Food was hot, fresh, colourful, not too greasy, and delicious. Portions have gotten better over the years but prices are alittle high for what you get. Service is very friendly and efficient. The restaurant is clean and tablecloths are real linen (as opposed to paper). Staff are pleasant and knowledgable. Tables are alittle closely placed together so dining is not that intimate. Can be noisy at times. Too many tables packed into this restaurant. The food is good and I would go back but portions are small and prices are kind of high for what you get.

Crepes a Go Go (new location) (Mark)

 18 Yorkville Ave
416.922.6765

Aaron and I met up last Sunday to see “The History Boys” and we did not have a ton of time to have brunch. At first we opted to go to Flow’s Diner since i had heard wonderful things about it. Unfortunately there was a huge lineup. We headed to the new Eggstacy at Bay and Bloor but from a distance we saw another lineup. At 12:30pm our stomachs were grumbling and we needed to find a place fast. Aaron had suggested CrepesaGoGo since it has recently moved to its new location at Yonge and Yorkville and it was small, quaint, and luckily, there was no lineup.

Opened at its new location since Sept 2006, Crepes a GoGo is an authentic French crepe “takeout” and dine in establishment with a small menu of sweet and savoury crepes. First you select your syrup which they bake right into the crepe, and then you choose the filling. The serve it to you in a “pocket” that you can hold like a sandwich: convenient and perfect for those “on the go”.

Situated at Yonge/Yorkville, easily accessible from the Yonge/Bloor intersection, conveniently located right next to the Toronto Reference Library on the edge of Yorkville on the ground floor of a new high rise glass condo (built about 1-2 years ago).

Some of the drawbacks of Crepes a Go Go. First: small number of seating (4-5 tables). Second: they had 2 price options; takeout and dine-in. We obviously chose to “dine in” but our portions looked like we chose “take out” but we were priced as if we “dined in”. In sum, our portions were tiny. I know it’s traditionally French but neither Aaron and I are not (m)anorexic.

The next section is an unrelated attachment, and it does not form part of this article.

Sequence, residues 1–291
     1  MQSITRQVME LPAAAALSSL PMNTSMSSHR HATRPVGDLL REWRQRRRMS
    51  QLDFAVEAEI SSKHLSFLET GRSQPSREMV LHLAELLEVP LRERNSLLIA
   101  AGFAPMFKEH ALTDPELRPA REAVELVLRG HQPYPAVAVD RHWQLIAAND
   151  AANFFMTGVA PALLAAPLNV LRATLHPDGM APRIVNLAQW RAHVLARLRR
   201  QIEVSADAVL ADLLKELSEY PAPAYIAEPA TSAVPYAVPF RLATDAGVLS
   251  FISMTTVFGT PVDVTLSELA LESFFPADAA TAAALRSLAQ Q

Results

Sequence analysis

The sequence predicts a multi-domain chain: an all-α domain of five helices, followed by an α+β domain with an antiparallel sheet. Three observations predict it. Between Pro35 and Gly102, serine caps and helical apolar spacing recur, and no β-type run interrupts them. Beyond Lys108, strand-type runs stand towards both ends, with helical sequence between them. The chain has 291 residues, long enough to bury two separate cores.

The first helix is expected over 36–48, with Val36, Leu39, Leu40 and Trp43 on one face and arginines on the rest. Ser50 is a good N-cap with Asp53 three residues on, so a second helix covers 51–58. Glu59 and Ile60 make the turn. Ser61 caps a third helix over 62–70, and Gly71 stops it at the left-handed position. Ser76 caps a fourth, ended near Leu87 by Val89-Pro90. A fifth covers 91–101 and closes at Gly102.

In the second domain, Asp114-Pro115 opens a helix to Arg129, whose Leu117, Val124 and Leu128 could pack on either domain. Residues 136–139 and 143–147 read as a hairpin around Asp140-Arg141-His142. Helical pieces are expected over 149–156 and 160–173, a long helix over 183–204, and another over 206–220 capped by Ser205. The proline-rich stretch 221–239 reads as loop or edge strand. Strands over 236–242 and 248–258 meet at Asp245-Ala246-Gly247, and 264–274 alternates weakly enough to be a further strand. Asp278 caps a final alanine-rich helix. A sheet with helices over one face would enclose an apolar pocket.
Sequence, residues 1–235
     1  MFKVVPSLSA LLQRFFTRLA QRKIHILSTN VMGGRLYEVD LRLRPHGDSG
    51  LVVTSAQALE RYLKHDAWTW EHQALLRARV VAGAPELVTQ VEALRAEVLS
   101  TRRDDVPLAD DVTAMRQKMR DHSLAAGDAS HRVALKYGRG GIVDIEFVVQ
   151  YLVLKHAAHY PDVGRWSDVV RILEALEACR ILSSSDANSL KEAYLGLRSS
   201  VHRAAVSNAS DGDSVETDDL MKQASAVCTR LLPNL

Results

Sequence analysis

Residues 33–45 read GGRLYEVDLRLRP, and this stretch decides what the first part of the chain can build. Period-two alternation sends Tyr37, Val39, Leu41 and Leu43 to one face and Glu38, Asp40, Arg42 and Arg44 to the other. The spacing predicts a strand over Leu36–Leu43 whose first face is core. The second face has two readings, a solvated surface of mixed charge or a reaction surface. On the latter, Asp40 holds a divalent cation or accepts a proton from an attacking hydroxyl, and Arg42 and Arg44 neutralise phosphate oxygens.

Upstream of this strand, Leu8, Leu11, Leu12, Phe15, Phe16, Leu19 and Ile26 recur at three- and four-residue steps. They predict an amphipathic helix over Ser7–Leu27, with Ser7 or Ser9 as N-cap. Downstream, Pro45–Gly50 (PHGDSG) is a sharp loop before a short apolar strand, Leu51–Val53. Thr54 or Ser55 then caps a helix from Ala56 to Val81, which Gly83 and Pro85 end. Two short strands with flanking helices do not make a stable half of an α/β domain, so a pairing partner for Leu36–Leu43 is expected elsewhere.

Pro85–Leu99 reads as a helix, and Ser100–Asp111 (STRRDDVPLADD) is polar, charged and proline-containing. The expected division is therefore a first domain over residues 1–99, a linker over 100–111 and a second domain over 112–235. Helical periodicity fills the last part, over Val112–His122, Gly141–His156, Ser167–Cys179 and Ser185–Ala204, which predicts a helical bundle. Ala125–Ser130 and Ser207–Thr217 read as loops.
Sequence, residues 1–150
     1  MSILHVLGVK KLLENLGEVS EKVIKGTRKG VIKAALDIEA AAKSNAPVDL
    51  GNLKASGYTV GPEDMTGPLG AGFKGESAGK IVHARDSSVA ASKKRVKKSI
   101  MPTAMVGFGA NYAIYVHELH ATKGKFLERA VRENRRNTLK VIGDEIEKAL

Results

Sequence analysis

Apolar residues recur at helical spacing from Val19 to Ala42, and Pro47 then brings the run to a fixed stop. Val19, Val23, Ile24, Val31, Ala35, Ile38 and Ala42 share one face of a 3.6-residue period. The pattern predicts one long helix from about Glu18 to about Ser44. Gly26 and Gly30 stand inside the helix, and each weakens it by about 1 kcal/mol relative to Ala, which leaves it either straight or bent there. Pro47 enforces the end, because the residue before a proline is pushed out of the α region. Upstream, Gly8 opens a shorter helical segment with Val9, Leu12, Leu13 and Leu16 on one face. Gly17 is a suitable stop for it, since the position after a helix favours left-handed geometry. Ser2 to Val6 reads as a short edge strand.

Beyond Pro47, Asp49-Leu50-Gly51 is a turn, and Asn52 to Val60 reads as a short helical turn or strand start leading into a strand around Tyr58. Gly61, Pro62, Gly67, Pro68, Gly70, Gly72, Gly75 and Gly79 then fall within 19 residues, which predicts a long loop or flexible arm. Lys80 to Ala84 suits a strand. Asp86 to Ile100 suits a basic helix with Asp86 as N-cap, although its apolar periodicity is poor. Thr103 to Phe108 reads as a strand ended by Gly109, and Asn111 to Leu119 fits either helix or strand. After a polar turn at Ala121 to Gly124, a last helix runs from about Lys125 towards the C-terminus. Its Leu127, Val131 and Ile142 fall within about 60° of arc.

We liked how the staff and owner gave the place an authentic French “look and feel”, because, afterall, the owner is from France. I could not help but sense the slight essence of pretentiousness (we don’t do flavoured lattes here!). Come on, cut the crap.

The owner claimed she made the best espresso in the city, and that they did not carry “filter coffee G-d forbid. Definitely exhibiting an anti-Starbucks attitude (I sympathize having worked at Starbucks for 7 months and being treated like shit). Altogether staff and the owner were warm and friendly

Crepes are paper thin and served/ placed in a paper bag pouch.

I ordered the anorexic fruit crepe with blueberry, banana, strawberry. i understood that Europeans eat smaller portions than North Americans but i was more hungry leaving the joint than entering.

Aaron liked the “Parisian ambience” at Crepes a GoGo from the serene quaintness of the space to the French speaking owner and servers. He ordered a “Quebecoise” crepe which was under the sweet/savoury section. It contained scrambled eggs, mozarella cheese and maple syrup. Although the portion wasn’t very large it was definitely tasty. He agreed with me that if they are having a dine in v.s. take out price that they should gussy it up a bit more for the dine in folks: fork, knife and no paper bag… perhaps with some side dishes.

The cafe au lait was very nice, smooth and delicious, but contrary to the owner, it DID need sugar. In sum, I was not full, meal was NOT satisfying but it was my mistake, i need to order and eat more. Decor was lovely, ultra high ceilings, open concept, small with 4 tables, 2 “bar type” areas to eat on stools. Service is ultra fast, friendly and effiicent and wait staff serve with ease, grace, and with a smile

Accepts all cards, liquor license, winter hours are Monday/Tuesday 12:30pm-7:00pm and Wed-Sun 10:30am-7:00pm. Bottom line; If you are really hungry go to Flow’s diner just down the road. Ambiance is cosy and calm, so go there for a light bite or a nice espresso or cafe au lait.